Is Moldova Ready to Lose Its Territory?

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Sergiu CEBAN
Despite the fact that history and international context push Moldova to finally “decide on the right key” to the Transnistrian settlement, our authorities, as before, try to avoid this complex and, apparently, intractable problem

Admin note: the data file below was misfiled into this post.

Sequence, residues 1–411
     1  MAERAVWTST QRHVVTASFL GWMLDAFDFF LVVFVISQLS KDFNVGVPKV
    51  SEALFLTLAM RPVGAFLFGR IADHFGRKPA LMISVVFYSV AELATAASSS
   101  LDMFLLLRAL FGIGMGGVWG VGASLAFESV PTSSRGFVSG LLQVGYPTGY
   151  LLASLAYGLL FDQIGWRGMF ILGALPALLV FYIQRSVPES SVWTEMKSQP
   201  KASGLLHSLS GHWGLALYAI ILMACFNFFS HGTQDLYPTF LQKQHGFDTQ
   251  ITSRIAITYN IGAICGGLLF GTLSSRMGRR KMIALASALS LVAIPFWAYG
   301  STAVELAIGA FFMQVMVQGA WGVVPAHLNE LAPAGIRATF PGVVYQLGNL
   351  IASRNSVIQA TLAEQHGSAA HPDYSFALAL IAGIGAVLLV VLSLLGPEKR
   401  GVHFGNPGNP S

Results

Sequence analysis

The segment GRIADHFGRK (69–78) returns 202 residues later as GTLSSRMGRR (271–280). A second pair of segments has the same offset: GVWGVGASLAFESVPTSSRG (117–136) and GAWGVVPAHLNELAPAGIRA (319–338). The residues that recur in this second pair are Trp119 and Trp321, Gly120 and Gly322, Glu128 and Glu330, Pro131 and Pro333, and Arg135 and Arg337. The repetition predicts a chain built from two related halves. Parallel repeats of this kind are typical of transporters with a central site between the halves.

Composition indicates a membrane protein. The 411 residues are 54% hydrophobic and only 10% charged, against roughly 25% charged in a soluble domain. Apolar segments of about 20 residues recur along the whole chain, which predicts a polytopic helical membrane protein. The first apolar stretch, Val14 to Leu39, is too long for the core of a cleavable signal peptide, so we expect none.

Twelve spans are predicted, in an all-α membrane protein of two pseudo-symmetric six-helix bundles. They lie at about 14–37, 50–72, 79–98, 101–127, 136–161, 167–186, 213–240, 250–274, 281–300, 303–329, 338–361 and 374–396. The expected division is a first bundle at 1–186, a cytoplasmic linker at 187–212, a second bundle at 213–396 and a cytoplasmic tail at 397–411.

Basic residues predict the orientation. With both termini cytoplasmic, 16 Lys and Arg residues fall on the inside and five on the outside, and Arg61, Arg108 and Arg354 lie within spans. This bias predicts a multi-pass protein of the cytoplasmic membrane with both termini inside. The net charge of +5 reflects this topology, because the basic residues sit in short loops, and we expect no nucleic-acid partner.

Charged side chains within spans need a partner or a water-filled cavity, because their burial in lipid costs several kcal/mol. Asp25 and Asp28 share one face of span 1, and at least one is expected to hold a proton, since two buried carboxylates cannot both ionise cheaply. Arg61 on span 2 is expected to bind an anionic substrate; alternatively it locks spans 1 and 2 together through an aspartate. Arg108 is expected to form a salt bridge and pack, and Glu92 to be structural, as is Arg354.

The left bank of the Dniester once again celebrated the anniversary of self-proclaimed “republic” this weekend. The event gave experts and journalists a reason to reflect once again on the current state and future of this complex and still unresolved issue. The day before, the media published several themed materials on the history and development of the Transnistrian conflict, which from time to time comes to the forefront of public attention. After reading them, someone can come to one simple conclusion – after 33 years, we all, politicians and ordinary citizens, still do not know what to do with this longstanding problem. It seems that the ruling party does not know either. Let us recall that at the end of last year, they suddenly awoke and loudly announced that they were working on a reintegration strategy, and the general concept had already been submitted to the chairman of parliament, the presidency and relevant experts. At the same time, our chief negotiator Oleg Serebrian informed the public that they were preparing a specific plan for country’s reunification. It seemed that we were finally approaching a decisive moment. However, as had happened many times before, the sharp excitement was replaced by the usual apathy. And now Oleg Serebrian, deputy prime minister for reintegration, is making very ambiguous statements, hinting that the issue is actively deliberated in the halls of the government, without discarding any options. For instance, Serebrian, like his fellow ministers, does not rule out that Moldova will join the European Union, even if the Transnistrian issue is not resolved by then. In his opinion, the circumstances may turn out favorably so that Moldova will be accepted without the Transnistrian region. Of course, Serebrian categorically excludes that Moldova will give up 11% of its territory. At the same time, he explains this mainly by the fact that in case Transnistrian independence is recognized, additional problems will appear, in particular the issue of territorial insecurity. “Do we have any guarantees that this territory won’t be a starting point for tense situations in the region?” the official wonders. Besides, according to him, it is not clear what the borders of the region will be, as Chisinau and Tiraspol have different understanding of the territorial borders of Transnistria. My co-workers and I had the odd feeling that the deputy prime minister had decided to talk to the press as if by accident, in order to raise a number of awkward questions to Tiraspol, which would be settled during the official secession of the region. And what if the Transnistrian administration is able to give answers and also to propose effective solutions? How appropriate is it for a high state official to engage in such public speculations? Or is there something we don’t know and the public opinion is being “probed” for readiness to compromise in the name of European integration? All in all, it raised a lot of questions. It is no secret that a part of the Moldovan elites, whose leader is the current head of the MFAEI, Nicu Popescu, sticks to the idea that everything in Moldova should be subordinated to the concept of European integration. For this reason, they impose on the society the idea that now it is necessary to concentrate exclusively on EU accession and not to experiment with the same reintegration, which can open the Pandora’s box and drag Moldova into the most complicated geopolitical game, as a result of which Chisinau will be left without both the left bank and the European Union. This probability, in principle, explains the long absence of any unified view within the Moldovan political class regarding the Transnistrian issue. Tiraspol, apparently, subtly feels the disparity of positions in Chisinau, and therefore, despite the difficult regional situation, it continues to declare its traditional goals and promote its own ideas of settlement. According to the Transnistrian leader, “statehood” is the basic principle of the region’s existence, and its inhabitants see their future in their multinational “state”. At the same time, “statehood” is also a form of authority given by the population to the elected authorities to settle the conflict and officially enter the system of modern international relations. Moreover, Tiraspol believes that on behalf of the “Transnistrian state” those final documents will be signed that the region deems necessary on the basis of the referendums and negotiations with other countries. Unlike Chisinau, the representatives of the Transnistrian administration have no shortage of ideas. That is why they continue to insist on the idea that the de facto settlement process has already taken place and Moldova consists of 2 entities: Moldova and Transnistria, each of which has its own identity. The best way of settlement, according to local ideologists, may be “signing a treaty of friendship, peace and cooperation to put an end to this conflict”. While official representatives of Chisinau and Tiraspol continue to demonstrate diametrically opposing points of view, many consider that the fate of the conflict will depend on the outcome of the war in Ukraine. As time and nature of the Russian-Ukrainian conflict show, it won’t be possible to hide behind these “decorations” for long, and it would be a big mistake to hope solely for the outcome of the war. The situation in Ukraine may end or freeze in a very specific geopolitical form, which will require quick action. Then there will simply be no time to agree on a political compromise, strategy and plan, and Chisinau will have to make historic decisions in a hurry. The only consent of the political elites so far is the 2005 law on the status of the left bank districts. But, as before, the chances that Tiraspol will accept this concept are minimal, and therefore the standpoint will have to be adjusted one way or another. A sensible question arises as to what these changes could be and whether politicians together with society are ready to take such a step. After all, if the transformation process is started, it may lead to a constitutional reorganization. And hardly anyone will dare to do such a thing now, as perhaps the only chance to integrate into the EU is at stake. Despite the fact that history and international situation push Moldova to finally decide on the “right keys” to the Transnistrian settlement, our authorities, as before, try to avoid this complex and, apparently, unbearable problem. Therefore, the conflict will continue to “drift along” under the influence of time and various geopolitical circumstances. And the final point in this issue will probably be put in a non-standard format and not in the way we imagined it.